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Rescuers continue efforts to reach remaining miners

Lawrence Pierce
Gov. Joe Manchin and state mine safety director Ron Wooten (front) listen to Kevin Stricklin of the federal Mine Safety and Health Administration during a press briefing at Marsh Fork Elementary School on Wednesday. Among the others present are MSHA head Joe Main (in white shirt) and, to his left, U.S. Rep. Nick Rahall.
AP Photo Drilling efforts take place above Massey Energy's Upper Big Branch Coal Mine Wednesday.

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MONTCOAL, W.Va. -- Rescuers were hoping late Wednesday night that toxic gas levels inside a Massey Energy mine in Raleigh County would soon drop, so crews could safely resume the search for four missing miners in what is already the worst U.S. mining disaster in more than a quarter-century.

Rescue leaders and government officials said hope was fading, but that crews would continue drilling ventilation holes into the Upper Big Branch Mine to try to make it safe for specially trained and equipped mine rescue teams.

"We just can't take any chances," said Kevin Stricklin, coal administrator for the U.S. Mine Safety and Health Administration, an agency that lost rescue workers during similar efforts in 1976 at the Scotia Mine in Kentucky and in 2007 at Crandall Canyon in Utah.

Crews have drilled one ventilation hole into the mine and another was about halfway there, as workers rushed to try to rid the mine of dangerous gases so specially trained teams could resume searching for the miners.

Rescue crews had previously said they planned a third and fourth ventilation hole, and Stricklin announced that Massey plans to drill an additional ventilation hole and lower cameras near the location of a rescue chamber to see if the miners can be located.

Stricklin said air monitoring for an initial borehole at first showed "extremely high" levels of carbon monoxide and hydrogen, very low levels of oxygen, and methane concentrations that were just below the explosive range.

"We're dealing with numbers that are way beyond what we would normally see in a mine," Stricklin said.

"The numbers don't surprise me," he said. "We're hoping that someone had the ability to get to that chamber. That would be the only way anyone could survive. There's always hope, but it's miniscule."

Later, Stricklin said readings at the top of the first hole have dropped to a point where it would be safe to proceed. But officials want to be sure that levels have also dropped inside the mine before sending in the six-person rescue teams.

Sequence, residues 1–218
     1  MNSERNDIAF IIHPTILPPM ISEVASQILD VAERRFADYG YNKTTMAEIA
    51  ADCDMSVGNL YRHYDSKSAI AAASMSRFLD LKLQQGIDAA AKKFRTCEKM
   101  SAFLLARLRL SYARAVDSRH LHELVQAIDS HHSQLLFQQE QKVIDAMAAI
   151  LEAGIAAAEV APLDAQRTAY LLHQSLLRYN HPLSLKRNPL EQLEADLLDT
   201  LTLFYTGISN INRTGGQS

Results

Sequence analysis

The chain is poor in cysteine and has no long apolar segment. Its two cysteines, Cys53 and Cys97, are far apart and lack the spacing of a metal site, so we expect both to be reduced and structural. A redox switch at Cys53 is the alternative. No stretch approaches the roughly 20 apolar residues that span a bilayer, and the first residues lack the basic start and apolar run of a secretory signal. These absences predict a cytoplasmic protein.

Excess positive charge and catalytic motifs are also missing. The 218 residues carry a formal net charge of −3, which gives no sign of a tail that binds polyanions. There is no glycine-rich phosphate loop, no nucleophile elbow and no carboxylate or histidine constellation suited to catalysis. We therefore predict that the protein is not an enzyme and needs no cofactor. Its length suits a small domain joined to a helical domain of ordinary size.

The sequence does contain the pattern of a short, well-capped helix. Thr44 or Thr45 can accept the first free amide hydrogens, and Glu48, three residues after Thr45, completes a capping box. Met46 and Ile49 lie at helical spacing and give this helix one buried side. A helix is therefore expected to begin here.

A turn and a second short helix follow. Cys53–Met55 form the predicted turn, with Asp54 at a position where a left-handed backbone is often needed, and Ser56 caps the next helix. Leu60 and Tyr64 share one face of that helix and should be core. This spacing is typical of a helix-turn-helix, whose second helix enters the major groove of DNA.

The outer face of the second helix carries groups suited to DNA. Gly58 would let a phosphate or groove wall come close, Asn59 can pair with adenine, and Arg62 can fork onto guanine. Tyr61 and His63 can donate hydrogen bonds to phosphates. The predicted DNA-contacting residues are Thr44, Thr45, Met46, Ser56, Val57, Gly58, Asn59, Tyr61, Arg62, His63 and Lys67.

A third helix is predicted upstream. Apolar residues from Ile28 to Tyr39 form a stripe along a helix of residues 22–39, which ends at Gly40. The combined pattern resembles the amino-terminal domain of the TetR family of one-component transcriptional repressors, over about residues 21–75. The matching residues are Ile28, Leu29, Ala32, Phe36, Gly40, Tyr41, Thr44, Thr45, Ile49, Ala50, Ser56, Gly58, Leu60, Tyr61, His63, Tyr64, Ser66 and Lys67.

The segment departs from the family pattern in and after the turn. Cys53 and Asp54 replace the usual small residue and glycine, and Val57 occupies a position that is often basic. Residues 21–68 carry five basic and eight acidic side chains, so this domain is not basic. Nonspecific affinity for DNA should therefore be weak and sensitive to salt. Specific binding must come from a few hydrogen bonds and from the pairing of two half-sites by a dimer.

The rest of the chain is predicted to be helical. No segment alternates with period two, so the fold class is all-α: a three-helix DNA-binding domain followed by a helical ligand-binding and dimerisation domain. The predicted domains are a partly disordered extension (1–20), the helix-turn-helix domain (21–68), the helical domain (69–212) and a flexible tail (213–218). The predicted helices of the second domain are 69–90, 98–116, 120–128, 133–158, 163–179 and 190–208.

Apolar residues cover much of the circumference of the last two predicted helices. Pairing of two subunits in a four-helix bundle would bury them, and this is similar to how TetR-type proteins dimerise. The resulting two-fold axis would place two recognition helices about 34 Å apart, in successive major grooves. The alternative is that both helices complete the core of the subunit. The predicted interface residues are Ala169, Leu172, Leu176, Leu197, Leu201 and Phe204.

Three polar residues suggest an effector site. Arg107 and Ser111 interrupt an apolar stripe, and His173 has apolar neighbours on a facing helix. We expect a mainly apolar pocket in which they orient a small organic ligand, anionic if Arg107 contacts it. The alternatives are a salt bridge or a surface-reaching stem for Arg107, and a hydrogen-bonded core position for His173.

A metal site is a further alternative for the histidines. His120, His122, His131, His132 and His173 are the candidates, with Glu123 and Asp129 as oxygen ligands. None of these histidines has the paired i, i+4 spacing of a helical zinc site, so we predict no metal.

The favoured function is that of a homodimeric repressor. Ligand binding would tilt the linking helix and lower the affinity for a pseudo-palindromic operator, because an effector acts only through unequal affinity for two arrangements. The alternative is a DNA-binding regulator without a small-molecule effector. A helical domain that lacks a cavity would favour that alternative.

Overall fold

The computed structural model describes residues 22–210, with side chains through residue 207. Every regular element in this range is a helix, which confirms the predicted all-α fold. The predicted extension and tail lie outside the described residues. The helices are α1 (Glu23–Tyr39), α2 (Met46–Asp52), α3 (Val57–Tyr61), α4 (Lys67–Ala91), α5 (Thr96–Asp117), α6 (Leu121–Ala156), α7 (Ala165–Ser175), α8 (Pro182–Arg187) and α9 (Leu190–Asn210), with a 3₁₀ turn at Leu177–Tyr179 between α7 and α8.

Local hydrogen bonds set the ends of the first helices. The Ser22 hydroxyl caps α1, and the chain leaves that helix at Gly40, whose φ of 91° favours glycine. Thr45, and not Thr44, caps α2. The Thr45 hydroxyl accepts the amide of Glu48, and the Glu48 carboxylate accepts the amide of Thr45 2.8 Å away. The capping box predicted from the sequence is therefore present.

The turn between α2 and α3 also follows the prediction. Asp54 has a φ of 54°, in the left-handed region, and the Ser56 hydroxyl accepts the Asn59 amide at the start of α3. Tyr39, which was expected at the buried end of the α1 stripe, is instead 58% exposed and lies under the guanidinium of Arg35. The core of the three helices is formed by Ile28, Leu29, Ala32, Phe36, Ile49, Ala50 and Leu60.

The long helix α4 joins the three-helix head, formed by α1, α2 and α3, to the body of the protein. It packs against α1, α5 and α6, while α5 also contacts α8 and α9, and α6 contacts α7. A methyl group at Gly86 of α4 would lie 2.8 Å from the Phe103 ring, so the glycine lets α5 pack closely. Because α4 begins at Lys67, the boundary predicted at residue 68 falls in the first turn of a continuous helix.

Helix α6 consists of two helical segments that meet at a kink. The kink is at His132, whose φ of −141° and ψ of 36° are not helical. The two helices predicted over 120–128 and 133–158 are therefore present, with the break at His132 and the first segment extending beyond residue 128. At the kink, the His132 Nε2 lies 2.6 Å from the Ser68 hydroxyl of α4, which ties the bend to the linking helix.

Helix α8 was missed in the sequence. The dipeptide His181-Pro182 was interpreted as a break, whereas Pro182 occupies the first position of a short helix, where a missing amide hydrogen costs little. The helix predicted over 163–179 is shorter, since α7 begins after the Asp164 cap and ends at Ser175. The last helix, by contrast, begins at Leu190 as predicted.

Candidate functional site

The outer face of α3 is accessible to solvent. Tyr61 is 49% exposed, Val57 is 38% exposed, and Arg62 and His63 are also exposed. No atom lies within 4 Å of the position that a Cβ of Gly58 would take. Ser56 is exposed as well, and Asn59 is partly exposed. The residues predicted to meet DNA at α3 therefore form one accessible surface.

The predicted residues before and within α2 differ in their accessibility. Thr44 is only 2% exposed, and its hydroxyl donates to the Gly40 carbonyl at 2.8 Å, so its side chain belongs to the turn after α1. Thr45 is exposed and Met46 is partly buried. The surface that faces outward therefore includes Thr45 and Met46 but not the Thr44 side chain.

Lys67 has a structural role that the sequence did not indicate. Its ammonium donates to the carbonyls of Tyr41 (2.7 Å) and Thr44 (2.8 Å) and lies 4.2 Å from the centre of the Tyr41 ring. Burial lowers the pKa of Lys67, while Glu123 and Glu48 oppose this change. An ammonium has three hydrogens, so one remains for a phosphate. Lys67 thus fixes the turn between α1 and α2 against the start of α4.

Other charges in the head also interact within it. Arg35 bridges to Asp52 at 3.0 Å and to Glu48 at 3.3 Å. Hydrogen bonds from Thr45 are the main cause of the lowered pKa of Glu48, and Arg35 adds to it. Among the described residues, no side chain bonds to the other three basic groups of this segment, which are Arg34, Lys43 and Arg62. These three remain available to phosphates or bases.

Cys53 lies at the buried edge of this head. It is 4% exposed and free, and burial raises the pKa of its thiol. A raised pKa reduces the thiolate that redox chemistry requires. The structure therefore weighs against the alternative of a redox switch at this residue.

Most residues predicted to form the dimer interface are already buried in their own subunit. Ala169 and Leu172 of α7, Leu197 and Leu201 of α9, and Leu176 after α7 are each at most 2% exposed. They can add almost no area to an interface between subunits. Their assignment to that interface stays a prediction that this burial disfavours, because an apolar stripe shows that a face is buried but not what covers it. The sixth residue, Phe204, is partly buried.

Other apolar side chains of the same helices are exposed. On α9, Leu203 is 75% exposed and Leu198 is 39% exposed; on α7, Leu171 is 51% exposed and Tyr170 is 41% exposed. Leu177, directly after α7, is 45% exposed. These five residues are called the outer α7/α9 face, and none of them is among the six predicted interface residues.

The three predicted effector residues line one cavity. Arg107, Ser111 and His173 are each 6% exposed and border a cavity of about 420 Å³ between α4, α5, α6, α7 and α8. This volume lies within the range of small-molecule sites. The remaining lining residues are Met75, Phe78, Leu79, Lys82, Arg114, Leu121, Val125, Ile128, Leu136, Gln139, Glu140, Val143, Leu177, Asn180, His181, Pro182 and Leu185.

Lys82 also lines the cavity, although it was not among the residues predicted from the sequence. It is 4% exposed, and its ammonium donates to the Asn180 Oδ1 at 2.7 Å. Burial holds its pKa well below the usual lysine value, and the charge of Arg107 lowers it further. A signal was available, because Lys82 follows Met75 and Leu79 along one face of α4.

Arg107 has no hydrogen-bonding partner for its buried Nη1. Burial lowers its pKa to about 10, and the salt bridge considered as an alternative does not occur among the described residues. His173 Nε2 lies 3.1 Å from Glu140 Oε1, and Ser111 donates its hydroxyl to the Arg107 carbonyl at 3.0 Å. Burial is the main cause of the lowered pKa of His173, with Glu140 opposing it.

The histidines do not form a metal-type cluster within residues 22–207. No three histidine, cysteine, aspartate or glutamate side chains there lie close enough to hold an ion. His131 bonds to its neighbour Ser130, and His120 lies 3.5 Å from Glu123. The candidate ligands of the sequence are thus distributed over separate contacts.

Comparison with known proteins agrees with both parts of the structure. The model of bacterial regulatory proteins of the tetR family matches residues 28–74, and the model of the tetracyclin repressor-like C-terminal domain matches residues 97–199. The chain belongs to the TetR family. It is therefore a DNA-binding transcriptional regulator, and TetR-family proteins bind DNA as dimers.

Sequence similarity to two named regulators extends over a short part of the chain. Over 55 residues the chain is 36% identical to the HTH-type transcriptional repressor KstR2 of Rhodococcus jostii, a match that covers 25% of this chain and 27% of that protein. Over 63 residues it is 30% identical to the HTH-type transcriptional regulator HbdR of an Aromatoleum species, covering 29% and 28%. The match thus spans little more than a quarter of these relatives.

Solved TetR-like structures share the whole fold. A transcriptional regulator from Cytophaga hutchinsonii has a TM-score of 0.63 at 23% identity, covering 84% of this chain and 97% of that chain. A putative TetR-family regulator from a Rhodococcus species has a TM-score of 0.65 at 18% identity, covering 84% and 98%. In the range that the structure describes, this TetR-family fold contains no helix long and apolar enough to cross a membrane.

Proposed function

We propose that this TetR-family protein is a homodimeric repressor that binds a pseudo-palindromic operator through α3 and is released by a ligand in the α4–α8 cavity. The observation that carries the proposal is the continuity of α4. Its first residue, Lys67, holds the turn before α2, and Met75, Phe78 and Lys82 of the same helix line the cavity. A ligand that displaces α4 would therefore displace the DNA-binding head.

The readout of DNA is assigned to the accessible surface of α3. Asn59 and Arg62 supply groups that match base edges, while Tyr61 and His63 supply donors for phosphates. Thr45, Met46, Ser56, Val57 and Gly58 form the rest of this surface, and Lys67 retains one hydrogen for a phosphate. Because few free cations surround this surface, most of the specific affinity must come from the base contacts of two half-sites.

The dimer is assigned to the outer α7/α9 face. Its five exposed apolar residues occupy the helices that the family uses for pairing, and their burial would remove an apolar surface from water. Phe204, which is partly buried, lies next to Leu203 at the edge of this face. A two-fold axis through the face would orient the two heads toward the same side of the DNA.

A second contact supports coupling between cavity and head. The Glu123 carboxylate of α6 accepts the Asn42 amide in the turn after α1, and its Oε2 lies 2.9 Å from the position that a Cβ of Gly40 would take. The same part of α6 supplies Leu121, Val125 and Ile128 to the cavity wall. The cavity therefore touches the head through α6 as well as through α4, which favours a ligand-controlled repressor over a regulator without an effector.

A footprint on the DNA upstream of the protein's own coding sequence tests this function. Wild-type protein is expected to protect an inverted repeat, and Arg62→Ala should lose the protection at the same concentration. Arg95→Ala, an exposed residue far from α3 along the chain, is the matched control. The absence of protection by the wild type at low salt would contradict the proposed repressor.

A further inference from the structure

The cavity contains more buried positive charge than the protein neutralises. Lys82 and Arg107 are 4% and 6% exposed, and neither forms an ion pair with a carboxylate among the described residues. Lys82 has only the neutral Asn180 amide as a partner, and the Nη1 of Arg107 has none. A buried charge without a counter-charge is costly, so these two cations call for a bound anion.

During an afternoon briefing, Gov. Joe Manchin repeated his earlier assertions that he, the rescue crews and the families were maintaining a "sliver of hope" that the four missing miners made it to one of two airtight chambers that rescue crews have not yet been able to check.

"The odds are not in our favor, because of the horrendous blast we had," Manchin said during a briefing early in the day.

Twenty-five miners died in the Monday explosion, which officials believe was fueled by methane and perhaps made much worse by coal dust. Two miners remain hospitalized following the worst U.S. coal-mining disaster in a quarter-century. Their conditions have not been released, but Manchin said one of them was in intensive care.

As the rescue effort dragged on through its second full day, hope for a miracle was waning, officials said.

Three of the missing miners are believed to be in one location and the fourth in another location, somewhere near one of two rescue chambers located near the working face of the mine. Rescuers already checked a third rescue chamber, but did not find any survivors there.

Stricklin said once rescue teams can get into the mine, it might take them about two hours to get into the areas where the miners are believed to be.

"They may not be in the exact location we think they are, so we may have to fan out a little bit," Sticklin said. "You have to play it by ear ... you have to shoot from the hip."

Early Tuesday morning, rescue teams had reached 500 to 600 feet from the area where the miners may be before bad air readings forced them out of the mine.

New miner tracking systems installed following a string of mine disasters in 2006 were of little help to the rescuers. Like most mines nationwide, Upper Big Branch has not yet complied with the new federal requirements. And West Virginia's state rules do not require operators to track miners' specific locations once they enter active sections of the mine.

Even as the rescue effort continued, plans for investigations were moving forward.

Labor Secretary Hilda Solis said her agency's team would be headed by Norman Page, a 25-year MSHA employee who is currently district manager in Pikeville, Ky.

"Twenty-five hardworking men died unnecessarily in a mine Monday," Solis said. "The very best way we can honor them is to do our job. MSHA's investigation team is committed to finding out what happened, and we will take action."

MSHA has also said it will conduct an "internal review," its typical practice after disasters of appointing agency officials from another district to examine how well MSHA policed the Upper Big Branch Mine.

Manchin has said West Virginia would hold a public hearing as part of its investigation, as it did following the Sago disaster. The governor has not announced plans for that hearing or the investigation.

Rep. Nick J. Rahall, D-W.Va., has said that Congress will hold hearings on the disaster as well.

Reach Andrew Clevenger at aclevenger@wvgazette.com or 348-1723.

Reach Ken Ward Jr. at kward@wvgazette.com or 304-348-1702.

Reach Gary Harki at gharki@wvgazette.com or 304-348-5163.

 


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